Compare lactulose vs. Miralax
Head-to-head comparisons of medication uses, side effects, ratings, and more.
Relieves constipation and gets rid of ammonia in people with liver problems.
Generlac (lactulose) relieves constipation and high ammonia levels, but it can take up to 48 hours to work.
Helps get things moving.
Miralax (Polyethylene Glycol) provides effective relief of constipation without "cramping" your style.
4.0/ 5 average rating with 226 reviewsforMiralax
- Generlac (lactulose) is the first-choice treatment for brain conditions caused by high ammonia levels.
- Can be used if you have severe chronic constipation leading to blockage.
- Available in generic.
- Can be taken orally or rectally.
- Miralax is the most recommended laxative by pharmacists and doctors.
- Most people felt it was worth the hassle.
- It's gluten and sugar free.
- It causes little to no cramping, bloating, gas, or feelings like you "have to go right now" compared to some other medicines to treat constipation.
- Works differently than other over-the-counter laxatives so it's a great alternative if other medicines haven't worked.
- Should not be used if you are on a galactose-restricted diet.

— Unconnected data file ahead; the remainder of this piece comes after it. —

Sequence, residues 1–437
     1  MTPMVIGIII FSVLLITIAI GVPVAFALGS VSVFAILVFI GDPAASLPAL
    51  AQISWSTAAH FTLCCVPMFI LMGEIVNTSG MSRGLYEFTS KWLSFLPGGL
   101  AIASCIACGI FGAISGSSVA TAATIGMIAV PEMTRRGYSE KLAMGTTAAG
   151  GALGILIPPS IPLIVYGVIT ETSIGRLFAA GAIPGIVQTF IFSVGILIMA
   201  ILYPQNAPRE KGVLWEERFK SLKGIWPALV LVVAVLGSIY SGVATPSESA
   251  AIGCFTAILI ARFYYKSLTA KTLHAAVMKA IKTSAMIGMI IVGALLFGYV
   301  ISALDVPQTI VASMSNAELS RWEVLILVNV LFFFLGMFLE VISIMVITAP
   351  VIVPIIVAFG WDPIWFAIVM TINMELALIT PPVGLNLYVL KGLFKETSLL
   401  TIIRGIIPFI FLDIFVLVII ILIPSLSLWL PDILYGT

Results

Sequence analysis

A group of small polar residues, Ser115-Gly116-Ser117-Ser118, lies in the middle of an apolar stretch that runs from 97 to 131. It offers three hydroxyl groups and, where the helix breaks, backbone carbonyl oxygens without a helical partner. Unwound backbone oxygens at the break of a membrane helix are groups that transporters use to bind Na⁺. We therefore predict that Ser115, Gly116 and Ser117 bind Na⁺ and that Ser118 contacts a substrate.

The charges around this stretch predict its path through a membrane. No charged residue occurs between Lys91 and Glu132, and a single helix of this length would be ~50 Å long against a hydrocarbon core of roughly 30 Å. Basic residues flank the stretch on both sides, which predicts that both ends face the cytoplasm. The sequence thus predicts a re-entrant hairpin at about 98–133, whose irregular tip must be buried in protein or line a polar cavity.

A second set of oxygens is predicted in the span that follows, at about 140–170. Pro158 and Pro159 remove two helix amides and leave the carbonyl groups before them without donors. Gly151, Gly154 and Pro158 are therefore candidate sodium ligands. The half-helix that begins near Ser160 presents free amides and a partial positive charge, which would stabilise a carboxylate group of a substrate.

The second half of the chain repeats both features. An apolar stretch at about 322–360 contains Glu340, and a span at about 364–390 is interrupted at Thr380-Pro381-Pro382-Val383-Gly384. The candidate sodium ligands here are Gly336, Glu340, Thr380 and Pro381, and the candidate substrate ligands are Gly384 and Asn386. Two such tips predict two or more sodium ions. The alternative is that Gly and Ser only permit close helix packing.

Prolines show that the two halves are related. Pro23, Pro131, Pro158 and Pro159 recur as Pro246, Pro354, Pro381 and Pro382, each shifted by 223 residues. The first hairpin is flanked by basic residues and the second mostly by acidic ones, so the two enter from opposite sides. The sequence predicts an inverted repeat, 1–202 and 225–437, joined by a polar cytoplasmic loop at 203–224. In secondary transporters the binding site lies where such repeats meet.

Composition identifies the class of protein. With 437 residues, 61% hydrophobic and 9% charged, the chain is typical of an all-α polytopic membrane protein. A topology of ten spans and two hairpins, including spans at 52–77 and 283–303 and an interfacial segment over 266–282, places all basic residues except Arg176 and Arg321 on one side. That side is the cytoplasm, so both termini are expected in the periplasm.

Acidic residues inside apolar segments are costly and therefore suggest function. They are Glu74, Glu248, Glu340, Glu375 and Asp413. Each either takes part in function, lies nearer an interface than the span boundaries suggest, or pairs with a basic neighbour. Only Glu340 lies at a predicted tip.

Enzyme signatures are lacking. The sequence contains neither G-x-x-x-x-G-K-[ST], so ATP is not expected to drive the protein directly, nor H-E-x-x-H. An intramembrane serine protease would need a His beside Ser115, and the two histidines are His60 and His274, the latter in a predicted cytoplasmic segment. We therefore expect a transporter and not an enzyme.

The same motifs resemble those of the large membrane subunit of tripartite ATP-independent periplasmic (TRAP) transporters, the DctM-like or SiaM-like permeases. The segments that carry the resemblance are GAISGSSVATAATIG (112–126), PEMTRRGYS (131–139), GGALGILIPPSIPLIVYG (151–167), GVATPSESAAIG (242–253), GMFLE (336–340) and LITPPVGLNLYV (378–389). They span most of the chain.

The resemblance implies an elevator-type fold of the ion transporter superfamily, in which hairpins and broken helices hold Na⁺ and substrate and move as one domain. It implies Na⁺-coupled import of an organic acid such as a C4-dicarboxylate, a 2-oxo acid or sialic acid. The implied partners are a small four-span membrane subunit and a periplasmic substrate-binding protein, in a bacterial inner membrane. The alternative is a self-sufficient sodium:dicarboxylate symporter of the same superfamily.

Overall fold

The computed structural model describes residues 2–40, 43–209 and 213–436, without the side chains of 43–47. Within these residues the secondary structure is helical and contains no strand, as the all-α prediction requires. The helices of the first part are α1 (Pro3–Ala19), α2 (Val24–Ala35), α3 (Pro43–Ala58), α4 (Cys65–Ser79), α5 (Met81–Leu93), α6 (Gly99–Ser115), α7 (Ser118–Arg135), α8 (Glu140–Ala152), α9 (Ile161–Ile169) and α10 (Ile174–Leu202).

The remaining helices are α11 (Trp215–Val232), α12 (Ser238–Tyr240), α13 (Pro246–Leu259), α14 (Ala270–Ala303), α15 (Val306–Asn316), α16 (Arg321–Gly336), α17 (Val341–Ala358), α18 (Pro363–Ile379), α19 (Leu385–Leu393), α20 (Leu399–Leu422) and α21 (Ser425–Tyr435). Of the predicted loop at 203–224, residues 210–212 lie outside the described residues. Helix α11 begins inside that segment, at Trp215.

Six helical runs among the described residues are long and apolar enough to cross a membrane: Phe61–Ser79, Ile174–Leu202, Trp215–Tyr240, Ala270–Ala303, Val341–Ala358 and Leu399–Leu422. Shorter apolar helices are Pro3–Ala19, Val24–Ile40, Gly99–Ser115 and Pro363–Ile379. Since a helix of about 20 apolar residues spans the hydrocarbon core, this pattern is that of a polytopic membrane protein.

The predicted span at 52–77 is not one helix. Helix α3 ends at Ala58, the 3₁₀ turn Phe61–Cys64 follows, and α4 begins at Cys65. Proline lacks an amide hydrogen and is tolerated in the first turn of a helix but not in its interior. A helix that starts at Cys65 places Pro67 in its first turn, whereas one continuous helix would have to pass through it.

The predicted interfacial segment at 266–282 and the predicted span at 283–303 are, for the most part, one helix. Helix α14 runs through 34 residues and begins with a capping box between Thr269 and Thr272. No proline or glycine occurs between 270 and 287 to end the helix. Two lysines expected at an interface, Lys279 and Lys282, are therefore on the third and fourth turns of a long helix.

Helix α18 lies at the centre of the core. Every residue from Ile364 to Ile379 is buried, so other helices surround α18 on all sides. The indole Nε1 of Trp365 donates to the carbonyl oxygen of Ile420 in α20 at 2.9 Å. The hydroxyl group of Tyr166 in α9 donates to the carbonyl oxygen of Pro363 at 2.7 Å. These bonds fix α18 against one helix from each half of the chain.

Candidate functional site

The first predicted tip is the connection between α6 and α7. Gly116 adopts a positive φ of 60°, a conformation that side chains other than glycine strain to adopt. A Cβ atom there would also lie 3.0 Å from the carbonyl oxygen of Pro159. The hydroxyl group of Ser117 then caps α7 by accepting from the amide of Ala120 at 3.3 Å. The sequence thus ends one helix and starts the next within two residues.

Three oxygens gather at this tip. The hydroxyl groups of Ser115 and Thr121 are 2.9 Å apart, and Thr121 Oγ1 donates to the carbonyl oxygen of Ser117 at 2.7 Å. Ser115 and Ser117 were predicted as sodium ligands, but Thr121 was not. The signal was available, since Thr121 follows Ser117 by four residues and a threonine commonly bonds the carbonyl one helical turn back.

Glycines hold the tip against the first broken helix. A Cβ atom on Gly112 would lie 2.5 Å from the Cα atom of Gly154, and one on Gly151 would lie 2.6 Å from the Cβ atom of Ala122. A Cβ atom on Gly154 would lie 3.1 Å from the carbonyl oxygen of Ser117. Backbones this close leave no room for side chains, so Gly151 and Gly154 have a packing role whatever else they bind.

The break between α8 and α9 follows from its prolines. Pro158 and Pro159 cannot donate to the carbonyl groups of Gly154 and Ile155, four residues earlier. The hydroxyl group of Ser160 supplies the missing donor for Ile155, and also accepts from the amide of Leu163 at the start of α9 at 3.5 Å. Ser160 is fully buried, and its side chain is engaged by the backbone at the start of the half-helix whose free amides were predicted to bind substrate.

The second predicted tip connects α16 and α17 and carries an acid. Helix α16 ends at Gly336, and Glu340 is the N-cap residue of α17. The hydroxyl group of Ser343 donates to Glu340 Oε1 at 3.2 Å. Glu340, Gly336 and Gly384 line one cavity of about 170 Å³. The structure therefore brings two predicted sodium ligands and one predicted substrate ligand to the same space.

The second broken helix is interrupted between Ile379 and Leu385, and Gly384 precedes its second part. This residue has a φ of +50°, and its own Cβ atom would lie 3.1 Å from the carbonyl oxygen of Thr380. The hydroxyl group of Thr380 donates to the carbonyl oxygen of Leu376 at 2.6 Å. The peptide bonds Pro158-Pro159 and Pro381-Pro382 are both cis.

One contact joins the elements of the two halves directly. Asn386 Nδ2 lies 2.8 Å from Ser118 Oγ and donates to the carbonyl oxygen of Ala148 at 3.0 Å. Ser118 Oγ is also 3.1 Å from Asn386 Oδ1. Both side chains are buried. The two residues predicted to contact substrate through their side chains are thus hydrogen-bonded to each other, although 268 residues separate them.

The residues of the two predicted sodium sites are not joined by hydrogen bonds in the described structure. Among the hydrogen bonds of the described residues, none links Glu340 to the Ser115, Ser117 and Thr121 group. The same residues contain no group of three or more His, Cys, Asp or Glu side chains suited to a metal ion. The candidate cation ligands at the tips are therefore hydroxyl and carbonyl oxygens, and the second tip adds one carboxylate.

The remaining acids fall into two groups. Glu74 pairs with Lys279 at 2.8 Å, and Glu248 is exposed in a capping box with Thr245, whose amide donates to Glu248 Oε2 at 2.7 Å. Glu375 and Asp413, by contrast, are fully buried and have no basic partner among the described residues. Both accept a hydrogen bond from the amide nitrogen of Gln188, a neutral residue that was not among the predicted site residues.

- Does not provide rapid relief of constipation. Talk to your doctor or pharmacist if you need quick relief.
- Generlac (lactulose) has a very sweet flavor that most people don't like.
- You have to dissolve Miralax in a beverage and drink it versus taking a pill.
- It's not for children 16 years or younger.
- Miralax doesn't work overnight. It can take up to 2-4 days to have a bowel movement.
- It's not recommended that you take it for more than a week, so it you haven't had any success, you'll need to call your doctor for other laxative options.
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The Generlac (lactulose) FDA package insert doesn’t have numbers about how common side effects are.
The Miralax (Polyethylene Glycol) FDA package insert doesn’t have numbers about how common side effects are.
Risks and risk factors
- Mineral imbalances
- Taking Generlac (lactulose) for more than 6 months
- Taking medications that cause mineral imbalance
- Not exercising regularly
- Increased blood sugar
- Problems during colonoscopy
- Electrolyte imbalance
- Taking with medications that cause electrolyte imbalance
- Age 60 or older
- Risk to fetus
- Women of childbearing age
- Bowel blockage
- Age 60 or older
- Other condition that causes blockage or narrowing of bowel
- Taking medications that cause constipation